“I was a liberal arts major at Yale and wanted to become a journalist.”
So was I. No, but seriously. Upon explaining to then Defensive Backs Coach Tony Reno (now Head Football Coach and a beloved mentor) that I wanted to be a sports broadcaster over dinner during a home recruiting visit, he remarked (paraphrasing):
“I’ve got some great news for you. Yale has the #1 communications program in the country. We ship students down-the-road to ESPN [in nearby Bristol, CT] all the time.”
Much like Scott Bessent (former CIO of Soros Fund Management), I eventually learned that Yale does not have a journalism major, though I’m guessing that he probably learned that much sooner than I did – especially given that: A) I had never heard of Yale until I met Coach Reno my senior year of high school; or B) I didn’t have the wherewithal or the means to confirm.
Specifically, you tend to take a lot of people’s word for it when you don’t have internet access at home. In fact, you could make an argument that he could’ve literally said anything positive about this mysterious place called “Yale” and I would’ve bought it. I was just excited for the opportunity to go to college. For a variety of reasons – mostly unfortunate – most people don’t go to college where I’m from.
Back to the Global Macro Grind…
In reviewing my 2nd favorite book of all time, Inside the House of Money, I re-learned that Mr. Bessent and I have a fair amount in common – we both got our first jobs on Wall St. working for another Yalie (he: Jim Rodgers; me: Keith McCullough). Additionally, from the teachings of our respective mentors we both learned to have enough confidence in our own work to stand apart from the herd:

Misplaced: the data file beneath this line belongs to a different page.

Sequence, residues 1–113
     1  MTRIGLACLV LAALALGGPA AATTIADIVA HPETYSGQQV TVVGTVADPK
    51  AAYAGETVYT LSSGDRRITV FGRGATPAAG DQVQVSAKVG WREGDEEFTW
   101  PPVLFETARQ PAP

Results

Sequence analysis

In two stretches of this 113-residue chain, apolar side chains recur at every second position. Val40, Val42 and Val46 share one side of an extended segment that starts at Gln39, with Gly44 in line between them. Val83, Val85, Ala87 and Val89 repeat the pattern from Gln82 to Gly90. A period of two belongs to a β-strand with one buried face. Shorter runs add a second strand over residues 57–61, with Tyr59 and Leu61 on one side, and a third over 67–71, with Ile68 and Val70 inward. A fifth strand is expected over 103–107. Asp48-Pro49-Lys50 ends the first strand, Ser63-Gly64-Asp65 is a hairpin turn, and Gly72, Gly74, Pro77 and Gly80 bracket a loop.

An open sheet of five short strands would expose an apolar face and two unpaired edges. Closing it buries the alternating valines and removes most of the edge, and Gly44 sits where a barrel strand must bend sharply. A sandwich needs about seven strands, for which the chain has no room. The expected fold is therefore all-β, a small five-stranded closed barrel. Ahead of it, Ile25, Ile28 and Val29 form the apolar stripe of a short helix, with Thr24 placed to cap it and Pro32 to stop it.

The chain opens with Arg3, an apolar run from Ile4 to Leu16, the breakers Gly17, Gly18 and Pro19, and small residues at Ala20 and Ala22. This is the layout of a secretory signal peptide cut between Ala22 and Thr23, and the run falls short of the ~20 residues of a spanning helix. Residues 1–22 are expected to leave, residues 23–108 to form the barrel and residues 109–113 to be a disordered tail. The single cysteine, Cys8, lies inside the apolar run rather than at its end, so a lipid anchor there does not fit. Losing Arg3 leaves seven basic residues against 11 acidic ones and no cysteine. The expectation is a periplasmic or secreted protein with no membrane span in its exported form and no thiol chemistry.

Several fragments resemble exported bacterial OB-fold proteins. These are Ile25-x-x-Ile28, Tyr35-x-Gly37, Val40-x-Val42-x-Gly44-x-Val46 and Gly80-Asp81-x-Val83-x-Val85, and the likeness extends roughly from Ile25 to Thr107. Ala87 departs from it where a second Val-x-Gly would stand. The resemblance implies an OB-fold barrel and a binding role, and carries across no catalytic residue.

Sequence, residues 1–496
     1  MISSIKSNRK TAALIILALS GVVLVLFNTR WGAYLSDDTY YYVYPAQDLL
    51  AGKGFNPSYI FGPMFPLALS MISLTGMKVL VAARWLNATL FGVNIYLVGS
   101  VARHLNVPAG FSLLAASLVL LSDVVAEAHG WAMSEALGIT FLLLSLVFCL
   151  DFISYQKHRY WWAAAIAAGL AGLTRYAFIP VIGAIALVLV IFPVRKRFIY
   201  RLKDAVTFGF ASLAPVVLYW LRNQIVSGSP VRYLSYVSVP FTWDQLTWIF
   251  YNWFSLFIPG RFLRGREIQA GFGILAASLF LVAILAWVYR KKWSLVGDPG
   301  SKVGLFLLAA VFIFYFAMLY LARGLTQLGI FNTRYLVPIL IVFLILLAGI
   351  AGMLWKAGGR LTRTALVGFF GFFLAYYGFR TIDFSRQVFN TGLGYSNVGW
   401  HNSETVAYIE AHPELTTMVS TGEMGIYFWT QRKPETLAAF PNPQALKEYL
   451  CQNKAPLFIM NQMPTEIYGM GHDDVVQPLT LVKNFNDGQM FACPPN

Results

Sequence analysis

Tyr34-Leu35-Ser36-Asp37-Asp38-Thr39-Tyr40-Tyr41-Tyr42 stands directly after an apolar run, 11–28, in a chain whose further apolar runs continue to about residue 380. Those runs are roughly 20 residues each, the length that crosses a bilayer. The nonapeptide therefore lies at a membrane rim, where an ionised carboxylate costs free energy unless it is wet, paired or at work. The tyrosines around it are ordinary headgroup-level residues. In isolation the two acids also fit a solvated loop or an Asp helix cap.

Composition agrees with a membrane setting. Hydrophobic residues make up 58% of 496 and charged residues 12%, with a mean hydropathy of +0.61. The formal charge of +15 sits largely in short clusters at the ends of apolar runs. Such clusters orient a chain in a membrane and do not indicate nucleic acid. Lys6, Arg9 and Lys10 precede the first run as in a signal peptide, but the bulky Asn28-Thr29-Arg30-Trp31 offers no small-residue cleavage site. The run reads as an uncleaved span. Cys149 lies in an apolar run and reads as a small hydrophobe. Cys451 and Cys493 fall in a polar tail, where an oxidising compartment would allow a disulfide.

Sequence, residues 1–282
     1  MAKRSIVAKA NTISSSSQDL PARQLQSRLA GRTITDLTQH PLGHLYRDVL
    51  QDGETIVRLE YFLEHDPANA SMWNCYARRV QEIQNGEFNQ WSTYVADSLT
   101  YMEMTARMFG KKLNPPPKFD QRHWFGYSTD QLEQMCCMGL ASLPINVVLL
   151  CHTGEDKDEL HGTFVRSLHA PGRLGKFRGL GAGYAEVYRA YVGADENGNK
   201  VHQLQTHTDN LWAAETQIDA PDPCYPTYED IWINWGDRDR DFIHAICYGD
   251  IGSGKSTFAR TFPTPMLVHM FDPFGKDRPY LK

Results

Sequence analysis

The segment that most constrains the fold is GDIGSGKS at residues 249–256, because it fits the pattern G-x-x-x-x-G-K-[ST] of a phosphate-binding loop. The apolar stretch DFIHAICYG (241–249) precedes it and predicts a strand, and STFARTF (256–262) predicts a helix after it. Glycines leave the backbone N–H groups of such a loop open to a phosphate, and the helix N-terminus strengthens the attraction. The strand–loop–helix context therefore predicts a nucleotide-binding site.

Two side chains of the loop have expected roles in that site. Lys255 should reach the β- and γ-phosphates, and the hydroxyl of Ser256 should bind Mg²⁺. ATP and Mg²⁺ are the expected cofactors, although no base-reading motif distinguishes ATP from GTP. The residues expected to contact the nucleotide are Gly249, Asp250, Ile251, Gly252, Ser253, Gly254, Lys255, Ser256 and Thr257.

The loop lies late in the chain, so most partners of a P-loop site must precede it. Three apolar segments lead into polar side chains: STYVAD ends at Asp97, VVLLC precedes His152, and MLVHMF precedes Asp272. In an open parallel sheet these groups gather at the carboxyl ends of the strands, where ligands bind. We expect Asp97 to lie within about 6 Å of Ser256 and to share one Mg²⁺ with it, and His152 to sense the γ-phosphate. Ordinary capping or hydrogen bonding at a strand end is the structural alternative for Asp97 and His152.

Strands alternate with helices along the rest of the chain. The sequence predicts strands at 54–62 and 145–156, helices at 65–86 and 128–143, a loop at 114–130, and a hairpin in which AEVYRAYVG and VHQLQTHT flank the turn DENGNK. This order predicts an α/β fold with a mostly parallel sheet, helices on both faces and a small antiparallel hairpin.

- Steven Drobny (author): “What did you learn from Jim Rodgers?”
- Scott Bessent: “I learned about doing primary research. To just keep digging and look where nobody else is looking. He used to have me do these spreadsheets before there was Excel. Barron’s used to have an issue that ranked the stocks of industry groups and we’d flip it upside-down to look at the worst performers to buy and the best performers to short.”
To be crystal clear, I’m no Scott Bessent. While I hope to someday improve upon his process, performance and impact on the industry, I humbly acknowledge that I have a long way to go.
Disclaimer intact, that passage resonated with me a lot because I had a very similar experience learning how to model economies like companies instead of countries. I can recall sitting in Keith’s office at the crack of dawn in 2009 and marveling at how seemingly simple modeling growth and inflation using a Bayesian Inference Process appeared to be. If the “comps” are tough, the growth rate is overwhelming likely to slow in the forecast period. If the “comps” are easy, the growth rate is overwhelmingly likely to accelerate in the forecast period. I thought to myself, “This seems too simple. Why in the world do so few investors think to do this?”